Wednesday, 23 January 2019

Appointment of new hospital parking contractor delayed

Appointment of new hospital parking contractor delayed

A PARKING enforcement firm will continue to operate at Townlands Memorial Hospital in Henley in the New Year despite being effectively sacked four months ago.

Smart Parking will be replaced when a contractor is appointed to oversee NHS car parks across the country. However, the tendering process is taking longer than expected.

The company had faced repeated calls to be sacked from Townlands following scores of complaints from patients about unfair fines, as highlighted by the Henley Standard’s Not Very Smart Parking campaign.

Smart had already lost its contract to monitor the car park for the neighbouring Bell and Hart surgeries following scores of similar complaints.

Then in August the then health minister Stephen Barclay announced that a new nationwide contractor would be appointed and Townlands would be transferred to it “in due course”.

Now NHS Property Services says the new operator will not be in place until next month at the earliest.

A spokesman said: “We are working to complete the process to implement a new, fit-for-purpose car parking management system that works for everyone as soon as is practically possible.”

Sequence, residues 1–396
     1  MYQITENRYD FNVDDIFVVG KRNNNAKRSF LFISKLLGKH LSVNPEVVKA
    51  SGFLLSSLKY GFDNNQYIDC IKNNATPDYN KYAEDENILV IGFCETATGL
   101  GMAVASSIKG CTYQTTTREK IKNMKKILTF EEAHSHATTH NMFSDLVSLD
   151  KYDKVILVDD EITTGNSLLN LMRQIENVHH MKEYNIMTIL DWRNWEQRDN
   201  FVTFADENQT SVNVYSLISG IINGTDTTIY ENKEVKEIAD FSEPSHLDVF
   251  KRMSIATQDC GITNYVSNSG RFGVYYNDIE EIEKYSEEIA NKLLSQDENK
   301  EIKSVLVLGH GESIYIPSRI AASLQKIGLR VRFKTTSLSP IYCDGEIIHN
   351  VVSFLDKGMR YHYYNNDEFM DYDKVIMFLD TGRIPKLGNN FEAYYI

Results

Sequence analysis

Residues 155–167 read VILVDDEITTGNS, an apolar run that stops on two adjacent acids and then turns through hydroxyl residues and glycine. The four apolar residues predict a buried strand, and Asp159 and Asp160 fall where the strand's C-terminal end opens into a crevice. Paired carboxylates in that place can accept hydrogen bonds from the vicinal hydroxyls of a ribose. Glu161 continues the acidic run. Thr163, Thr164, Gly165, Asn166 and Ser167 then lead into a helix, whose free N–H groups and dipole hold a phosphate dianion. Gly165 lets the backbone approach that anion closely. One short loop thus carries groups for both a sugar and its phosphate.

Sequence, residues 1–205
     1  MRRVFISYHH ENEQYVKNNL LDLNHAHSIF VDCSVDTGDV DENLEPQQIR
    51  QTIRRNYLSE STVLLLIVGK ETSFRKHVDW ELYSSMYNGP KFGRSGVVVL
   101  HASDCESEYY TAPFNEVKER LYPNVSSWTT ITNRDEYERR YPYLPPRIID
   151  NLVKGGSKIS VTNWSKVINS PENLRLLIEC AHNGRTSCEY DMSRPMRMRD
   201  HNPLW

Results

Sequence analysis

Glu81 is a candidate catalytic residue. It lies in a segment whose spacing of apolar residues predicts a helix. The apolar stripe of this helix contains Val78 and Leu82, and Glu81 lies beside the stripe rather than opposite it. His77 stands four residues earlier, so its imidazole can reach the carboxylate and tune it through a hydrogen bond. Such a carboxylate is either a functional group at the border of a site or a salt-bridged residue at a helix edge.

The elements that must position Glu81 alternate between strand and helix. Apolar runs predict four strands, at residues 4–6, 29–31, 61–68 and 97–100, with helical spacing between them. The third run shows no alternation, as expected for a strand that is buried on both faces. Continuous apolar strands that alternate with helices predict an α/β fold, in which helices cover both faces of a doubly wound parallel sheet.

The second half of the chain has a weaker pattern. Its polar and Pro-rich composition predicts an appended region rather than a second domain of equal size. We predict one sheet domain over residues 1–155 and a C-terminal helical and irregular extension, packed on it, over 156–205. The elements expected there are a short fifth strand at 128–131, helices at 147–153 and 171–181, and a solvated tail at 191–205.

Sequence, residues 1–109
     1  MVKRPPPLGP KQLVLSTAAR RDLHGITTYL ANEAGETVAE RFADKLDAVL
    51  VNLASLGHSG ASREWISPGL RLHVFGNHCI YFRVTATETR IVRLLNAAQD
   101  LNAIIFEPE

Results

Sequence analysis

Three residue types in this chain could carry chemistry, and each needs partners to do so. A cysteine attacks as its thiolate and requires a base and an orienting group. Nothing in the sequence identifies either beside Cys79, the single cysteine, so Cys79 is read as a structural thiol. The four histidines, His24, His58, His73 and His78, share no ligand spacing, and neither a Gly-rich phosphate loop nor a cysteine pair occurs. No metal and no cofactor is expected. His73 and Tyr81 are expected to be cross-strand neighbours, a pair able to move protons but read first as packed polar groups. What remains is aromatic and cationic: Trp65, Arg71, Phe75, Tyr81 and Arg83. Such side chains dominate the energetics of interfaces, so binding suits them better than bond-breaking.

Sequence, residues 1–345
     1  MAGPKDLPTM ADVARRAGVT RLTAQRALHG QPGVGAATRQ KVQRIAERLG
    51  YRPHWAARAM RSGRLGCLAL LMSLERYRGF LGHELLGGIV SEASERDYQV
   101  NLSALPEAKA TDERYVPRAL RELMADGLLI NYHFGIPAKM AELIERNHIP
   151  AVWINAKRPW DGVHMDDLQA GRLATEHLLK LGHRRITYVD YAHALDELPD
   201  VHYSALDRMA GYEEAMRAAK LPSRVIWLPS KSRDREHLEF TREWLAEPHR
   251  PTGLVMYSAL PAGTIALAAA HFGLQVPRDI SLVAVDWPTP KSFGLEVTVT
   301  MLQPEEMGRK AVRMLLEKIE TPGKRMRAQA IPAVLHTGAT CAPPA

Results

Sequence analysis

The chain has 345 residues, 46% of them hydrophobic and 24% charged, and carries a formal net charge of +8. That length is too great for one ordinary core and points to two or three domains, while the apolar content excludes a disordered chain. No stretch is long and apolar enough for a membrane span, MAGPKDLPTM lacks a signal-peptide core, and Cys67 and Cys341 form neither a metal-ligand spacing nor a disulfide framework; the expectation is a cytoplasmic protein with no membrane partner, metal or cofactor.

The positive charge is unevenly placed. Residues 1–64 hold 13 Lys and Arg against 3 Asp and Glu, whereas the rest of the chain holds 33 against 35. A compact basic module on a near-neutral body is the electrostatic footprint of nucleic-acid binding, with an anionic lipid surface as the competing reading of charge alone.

Henley town councillor Ian Reissmann, who chairs the Townlands Steering Group, said he had met NHS Property Services director Tony Griffiths last month and was told a new provider would be agreed before the end of this year.

He said: “It does seem that things are moving very slowly but it’s in everyone’s interests that there is a fair and proper scheme to manage the site.”

Cllr Reissmann said NHS Property Service had promised that residents would be consulted on what type of monitoring should take place at Townlands.

He said: “They made it very clear to me that there wouldn’t be a scheme with the opportunity for the company to keep fines. They will produce preliminary options and come to us about whether or not it will work. There is still the question of whether or not charges are appropriate — that’s something that produces mixed feelings.”

Smart Parking uses automatic number plate recognition cameras to log vehicles entering and leaving the hospital car park and visitors have to enter their car registration details using a keypad at reception to receive free parking and there is meant to be a 20-minute grace period.

But many patients, some of them elderly, were issued with parking fines of up to £160 despite following the rules.

Smart was fired from a similar arrangement at Aldershot Centre for Health in May.

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